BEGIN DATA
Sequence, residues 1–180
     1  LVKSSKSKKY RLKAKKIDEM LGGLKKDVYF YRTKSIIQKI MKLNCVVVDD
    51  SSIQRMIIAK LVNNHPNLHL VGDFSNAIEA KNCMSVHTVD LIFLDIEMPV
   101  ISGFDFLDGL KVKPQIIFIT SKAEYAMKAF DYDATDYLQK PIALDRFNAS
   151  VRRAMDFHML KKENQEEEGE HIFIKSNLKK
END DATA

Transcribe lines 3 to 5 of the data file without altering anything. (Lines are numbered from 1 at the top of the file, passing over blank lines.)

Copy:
    51  SSIQRMIIAK LVNNHPNLHL VGDFSNAIEA KNCMSVHTVD LIFLDIEMPV
   101  ISGFDFLDGL KVKPQIIFIT SKAEYAMKAF DYDATDYLQK PIALDRFNAS
   151  VRRAMDFHML KKENQEEEGE HIFIKSNLKK